Michigan Avenue. The Board of Directors of the library established a
building fund with the 1889 endowment and set out to gain approval for a
Grant Park location. In 1902, the Chicago City Council approved the plan, but public criticism force the design to be built on the Northwest corner of Michigan Avenue. World War I postponed groundbreaking of the 16-story Holabird & Roche design until 1919.
When the building reached it capacity in the 1950s, the library's
directors decided to affiliate with a university. The directors
contracted with the Illinois Institute of Technology to provide library services for its campus. In 1962, the library moved into a new building that was designed by architect Walter Netsch. It was a 92,000-square-foot (8,500m2) facility with an international modern design inspired by Mies van der Rohe.
During its 22 years located on the IIT campus, the John Crerar Library
remained a separate organization, with IIT reimbursing the costs
attributable to it.
By the mid-1970s, however, the library had out-grown that building, and
in 1980 Crerar and IIT agreed to terminate the contract within four
years. On April 13, 1981, the directors agreed to consolidate the
collection with the University of Chicago's science collection in a new
building, which opened on September 10, 1984. Because the library was incorporated under the 1891 special law, court approval was required for the merger.
A condition of the merger was that the combined library would also
remain free to the public. The merger, with a combined collection of
900,000 volumes, was among the largest in American library history.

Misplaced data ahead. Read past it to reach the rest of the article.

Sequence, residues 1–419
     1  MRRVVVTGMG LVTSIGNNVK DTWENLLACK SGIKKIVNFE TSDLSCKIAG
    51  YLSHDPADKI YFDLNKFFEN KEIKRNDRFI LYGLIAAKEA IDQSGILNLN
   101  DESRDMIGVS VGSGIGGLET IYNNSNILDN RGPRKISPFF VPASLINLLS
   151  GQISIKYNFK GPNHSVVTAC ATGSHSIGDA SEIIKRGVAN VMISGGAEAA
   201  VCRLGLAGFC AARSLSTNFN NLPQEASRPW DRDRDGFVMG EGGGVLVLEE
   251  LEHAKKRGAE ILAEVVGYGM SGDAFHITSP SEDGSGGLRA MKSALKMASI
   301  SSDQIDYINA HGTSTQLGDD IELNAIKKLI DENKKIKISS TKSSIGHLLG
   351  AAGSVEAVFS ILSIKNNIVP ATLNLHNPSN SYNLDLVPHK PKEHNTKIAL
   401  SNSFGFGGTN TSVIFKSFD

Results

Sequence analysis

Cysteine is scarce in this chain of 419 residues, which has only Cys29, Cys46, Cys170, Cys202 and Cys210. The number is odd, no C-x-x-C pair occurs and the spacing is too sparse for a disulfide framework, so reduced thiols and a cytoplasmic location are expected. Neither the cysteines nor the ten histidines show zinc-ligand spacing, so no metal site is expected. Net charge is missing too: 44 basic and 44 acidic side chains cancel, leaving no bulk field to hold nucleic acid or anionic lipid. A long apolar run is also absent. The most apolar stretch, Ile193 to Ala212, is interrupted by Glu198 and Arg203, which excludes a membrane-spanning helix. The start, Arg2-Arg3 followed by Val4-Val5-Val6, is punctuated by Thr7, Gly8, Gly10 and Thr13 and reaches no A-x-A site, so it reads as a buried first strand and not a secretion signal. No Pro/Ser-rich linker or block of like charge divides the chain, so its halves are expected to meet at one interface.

Following World War II, the John Crerar Library became one of the
first to offer a fee-based research service which was targeted to
industry and government users. In 1952, it became one of the first
libraries in the nation to install a Teletype machine. The library now offers computer-based searches of a wide variety of scientific and medical data bases. Since the 1950s,
the library offers corporate memberships to both for-profit and
non-profit organizations that includes borrowing privileges and access
to the University of Chicago Libraries as well as to Crerar. Also, from 1968 to 1979, the National Library of Medicine funded the library to serve as its Midwest Regional Medical Library.
The current four-story structure opened in 1984 was designed by Stubbins Associates
of Cambridge, Massachusetts, and has 160,836 gross square feet of floor
space, with dimensions 135 feet (41m) east-west by 294 feet (90m)
north-south, costing $22 million to build.
The new building has capacity for 1.3 million volumes with 770,000
volumes on 27 miles (43km) of conventional shelving and 530,000 volumes
on 12 miles (19km) of movable compact shelving.
The merger set aside $300,000 to form a separate John Crerar Foundation. The Foundation now also sponsors the John Crerar Foundation Science Writing Prize for College students.
The official motto of the John Crerar Library is engraved on its current building: Non est mortuus qui scientiam vivificavit (translation: "He has not died who has given life to knowledge")
The Crerar collection includes 27,000 rare books including works by Copernicus, da Vinci, Descartes, Franklin, and Newton.
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1716 Roman Monarchy Emperors Numismatics Caesar Dutch Coin Military History Rome: $325